Like mitochondria, plastids contain their own DNA. Therefore, according to endosymbiotic theory, plastids may also have evolved from ancient, free-living prokaryotes that invaded larger prokaryotic cells. If so, they allowed early eukaryotes to make food and produce oxygen.

Organization of Cells

Cells can exist as individual cells or as groups of cells. Cells in groups can be organized at several levels.

From One Cell to Many

The simplest level of cell organization is a single-celled organism, and the most complex level is a multicellular organism. In between these two levels are biofilms and colonies.

  • A single-celled organism floats freely and lives independently. Its single cell is able to carry out all the processes of life without any help from other cells.
  • A biofilm is a thin layer of bacteria that sticks to a surface. Cells in a biofilm are all alike, but they may play different roles, such as taking in nutrients or making the “glue” that sticks the biofilm to the surface. The sticky plaque that forms on teeth is a biofilm of bacterial cells.
  • Some single-celled organisms, such as algae, live in colonies. A colony is an organized structure composed of many cells, like the Volvox sphere in Figure below. Volvox are algae that live in colonies of hundreds of cells. All of the cells in the colony live and work cooperatively. For example, they can coordinate the movement of their flagella, allowing them to swim together through the water as though they were part of a single organism.
  • A multicellular organism consists of many cells and has different types of cells that are specialized for various functions. All the cells work together and depend on each other to carry out the life processes of the organism. Individual cells are unable to survive on their own.

Volvox Colony. Volvox cells live in a colony shaped like a hollow ball. The cells of the colony may be connected by strands of cytoplasm and can function together. For example, the whole colony can swim from one place to another as one.

Levels of Organization in Multicellular Organisms

Scientists think that multicellular organisms evolved when many single-celled organisms of the same species started to work together and benefited from the relationship. The oldest known multicellular organisms are algae that lived 1.2 billion years ago. As multicellular organisms continued to evolve, they developed increasingly complex levels of organization. Today there are multicellular organisms at all levels of organization, from the simplest, cell level of organization to the most complex, organ-system level of organization. Consider these examples:

  • Sponges have cell-level organization, in which different cells are specialized for different functions, but each cell works alone. For example, some cells digest food, while other cells let water pass through the sponge.
  • Jellyfish have tissue-level organization, in which groups of cells of the same kind that do the same job form tissues. For example, jellyfish have some tissues that digest food and other tissues that sense the environment.
  • Roundworms have organ-level organization, in which two or more types of tissues work together to perform a particular function as an organ. For example, a roundworm has a primitive brain that controls how the organism responds to the environment.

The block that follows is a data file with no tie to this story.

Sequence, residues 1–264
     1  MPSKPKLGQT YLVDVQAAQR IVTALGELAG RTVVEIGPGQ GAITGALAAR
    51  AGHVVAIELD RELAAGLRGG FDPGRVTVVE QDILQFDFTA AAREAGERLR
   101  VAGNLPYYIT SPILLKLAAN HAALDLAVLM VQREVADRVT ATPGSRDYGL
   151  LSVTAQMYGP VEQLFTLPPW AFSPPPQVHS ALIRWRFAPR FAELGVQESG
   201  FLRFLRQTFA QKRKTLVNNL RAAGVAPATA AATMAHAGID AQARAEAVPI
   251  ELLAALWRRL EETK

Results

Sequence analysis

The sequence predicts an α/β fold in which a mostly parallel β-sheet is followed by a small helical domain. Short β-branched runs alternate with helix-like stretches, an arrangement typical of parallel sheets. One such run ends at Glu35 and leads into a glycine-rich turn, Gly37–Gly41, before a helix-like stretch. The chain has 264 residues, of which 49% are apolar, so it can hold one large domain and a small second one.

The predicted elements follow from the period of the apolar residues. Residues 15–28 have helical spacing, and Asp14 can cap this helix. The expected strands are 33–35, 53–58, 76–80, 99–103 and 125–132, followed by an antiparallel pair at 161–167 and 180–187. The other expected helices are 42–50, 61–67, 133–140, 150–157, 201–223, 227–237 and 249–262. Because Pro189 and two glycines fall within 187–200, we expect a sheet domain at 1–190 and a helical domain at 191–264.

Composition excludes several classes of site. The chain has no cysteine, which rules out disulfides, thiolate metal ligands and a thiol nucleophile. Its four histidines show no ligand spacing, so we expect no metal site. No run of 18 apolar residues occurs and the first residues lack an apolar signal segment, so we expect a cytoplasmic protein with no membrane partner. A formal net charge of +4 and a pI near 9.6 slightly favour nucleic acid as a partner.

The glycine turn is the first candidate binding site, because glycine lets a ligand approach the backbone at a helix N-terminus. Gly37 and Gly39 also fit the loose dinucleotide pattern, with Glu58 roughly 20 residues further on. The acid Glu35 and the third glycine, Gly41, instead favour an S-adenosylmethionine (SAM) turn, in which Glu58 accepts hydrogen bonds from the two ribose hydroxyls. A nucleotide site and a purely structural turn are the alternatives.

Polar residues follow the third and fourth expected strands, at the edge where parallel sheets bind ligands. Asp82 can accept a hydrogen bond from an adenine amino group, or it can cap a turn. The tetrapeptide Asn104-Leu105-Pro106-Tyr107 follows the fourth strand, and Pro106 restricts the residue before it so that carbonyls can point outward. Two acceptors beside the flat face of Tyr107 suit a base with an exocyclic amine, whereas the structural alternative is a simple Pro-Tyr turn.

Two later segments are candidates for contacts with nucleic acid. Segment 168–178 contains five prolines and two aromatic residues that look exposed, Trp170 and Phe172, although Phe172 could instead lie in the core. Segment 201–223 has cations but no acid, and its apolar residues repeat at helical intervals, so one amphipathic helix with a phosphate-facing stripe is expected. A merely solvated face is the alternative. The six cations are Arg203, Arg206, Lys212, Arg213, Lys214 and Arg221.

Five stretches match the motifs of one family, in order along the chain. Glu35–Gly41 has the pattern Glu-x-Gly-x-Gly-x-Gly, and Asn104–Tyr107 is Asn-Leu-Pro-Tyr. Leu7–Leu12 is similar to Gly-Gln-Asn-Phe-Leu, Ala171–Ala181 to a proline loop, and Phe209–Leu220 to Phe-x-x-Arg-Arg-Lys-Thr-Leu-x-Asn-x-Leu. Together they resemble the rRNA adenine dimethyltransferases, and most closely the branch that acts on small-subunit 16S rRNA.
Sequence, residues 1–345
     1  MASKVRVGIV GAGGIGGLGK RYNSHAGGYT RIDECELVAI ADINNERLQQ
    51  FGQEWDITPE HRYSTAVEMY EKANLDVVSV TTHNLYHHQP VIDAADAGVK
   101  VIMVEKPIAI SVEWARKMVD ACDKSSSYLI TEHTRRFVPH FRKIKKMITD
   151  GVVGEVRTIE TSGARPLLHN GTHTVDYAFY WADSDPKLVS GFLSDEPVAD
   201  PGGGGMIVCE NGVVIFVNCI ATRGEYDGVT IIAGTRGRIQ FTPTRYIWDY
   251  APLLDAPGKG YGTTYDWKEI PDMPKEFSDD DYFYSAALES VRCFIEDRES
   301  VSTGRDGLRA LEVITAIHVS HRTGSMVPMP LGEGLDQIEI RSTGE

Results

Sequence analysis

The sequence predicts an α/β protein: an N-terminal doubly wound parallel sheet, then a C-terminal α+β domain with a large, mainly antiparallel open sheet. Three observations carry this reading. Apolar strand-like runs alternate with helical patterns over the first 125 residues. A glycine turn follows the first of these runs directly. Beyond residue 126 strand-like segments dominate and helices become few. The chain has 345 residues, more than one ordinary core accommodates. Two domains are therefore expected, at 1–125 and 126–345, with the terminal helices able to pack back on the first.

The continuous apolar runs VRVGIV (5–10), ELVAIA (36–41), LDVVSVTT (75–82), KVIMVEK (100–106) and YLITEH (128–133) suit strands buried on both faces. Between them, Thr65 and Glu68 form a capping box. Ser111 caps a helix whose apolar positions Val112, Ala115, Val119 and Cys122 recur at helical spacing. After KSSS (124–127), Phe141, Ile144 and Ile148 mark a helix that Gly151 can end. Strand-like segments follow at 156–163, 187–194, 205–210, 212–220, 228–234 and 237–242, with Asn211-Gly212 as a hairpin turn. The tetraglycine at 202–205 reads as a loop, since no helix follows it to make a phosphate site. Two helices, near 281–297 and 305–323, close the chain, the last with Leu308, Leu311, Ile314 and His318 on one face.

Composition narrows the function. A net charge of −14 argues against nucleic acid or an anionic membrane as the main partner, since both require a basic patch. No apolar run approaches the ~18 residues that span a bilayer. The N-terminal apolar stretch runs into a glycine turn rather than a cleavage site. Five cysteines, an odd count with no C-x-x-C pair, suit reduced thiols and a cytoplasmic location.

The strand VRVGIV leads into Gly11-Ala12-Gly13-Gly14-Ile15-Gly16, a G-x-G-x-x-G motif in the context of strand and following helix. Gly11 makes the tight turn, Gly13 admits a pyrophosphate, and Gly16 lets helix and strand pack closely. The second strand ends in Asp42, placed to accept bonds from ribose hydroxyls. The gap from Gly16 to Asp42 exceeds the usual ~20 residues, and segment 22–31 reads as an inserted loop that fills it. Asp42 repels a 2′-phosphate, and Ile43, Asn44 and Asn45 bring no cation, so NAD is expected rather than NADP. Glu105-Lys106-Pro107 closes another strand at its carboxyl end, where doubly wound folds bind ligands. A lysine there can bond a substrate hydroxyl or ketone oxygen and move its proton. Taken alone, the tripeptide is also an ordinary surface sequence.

• Human beings have organ system-level organization, in which groups of organs work together to do a certain job, with each organ doing part of the overall task. An example is the human digestive system. Each digestive system organ—from the mouth to the small intestine—does part of the overall task of breaking down food and absorbing nutrients.

Lesson Summary

  • The plasma membrane is a phospholipid bilayer that supports and protects a cell and controls what enters and leaves it.
  • The cytoplasm consists of everything inside the plasma membrane, including watery cytosol and organelles. The cytoplasm suspends the organelles and does other jobs. The cytoskeleton crisscrosses the cytoplasm and gives the cell an internal framework.
  • The nucleus is the largest organelle in a eukaryotic cell and contains most of the cell’s DNA. Other organelles in eukaryotic cells include the mitochondria, endoplasmic reticulum, ribosomes, Golgi apparatus, vesicles, vacuoles, and centrioles (in animal cells only). Each type of organelle has important functions in the cell.
  • Plant cells have special structures that are not found in animal cells, including a cell wall, a large central vacuole, and organelles called plastids.
  • Cells can exist independently as single-celled organisms or with other cells as multicellular organisms. Cells of a multicellular organism can be organized at the level of cells, tissues, organs, and organ systems.

Lesson Review Questions

Recall

1. Describe the composition of the plasma membrane.

2. List functions of the cytoplasm and cytoskeleton.

3. What is the role of the nucleus of a eukaryotic cell?

4. List three structures that are found in plant cells but not in animal cells.

5. Outline the levels of organization of cells in living things, starting with the simplest level, that of single-celled organisms.

Apply Concepts

6. Create a diagram to show how the cells of multicellular organisms may be organized at different levels, from the level of the cell to the level of the organ system. Give an example of a multicellular organism at each level of organization.

Think Critically

7. Explain why hydrophobic (“water-hating”) molecules can easily cross the plasma membrane, while hydrophilic (“water-loving”) molecules cannot.

8. What is endosymbiotic theory? How does it explain the presence of certain organelles in eukaryotic cells?

9. Explain how the following organelles ensure that a cell has the proteins it needs: nucleus, rough and smooth ER, vesicles, and Golgi apparatus.

Points to Consider

Cells carry out all the functions of life, and they use nutrients and oxygen and produce wastes. These substances must cross the plasma membrane.

  • How do you think substances cross the plasma membrane to enter or leave the cell? Does the membrane have tiny holes in it like a sieve?
  • What if the substances are large? Protein molecules, for example, are very large. How do they enter or leave the cell?

Image Attributions

Files can only be attached to the latest version of None

Reviews

Please wait...
Please wait...
Image Detail
Sizes: Medium | Original
 
CK.SCI.ENG.SE.1.Biology.3.2

Original text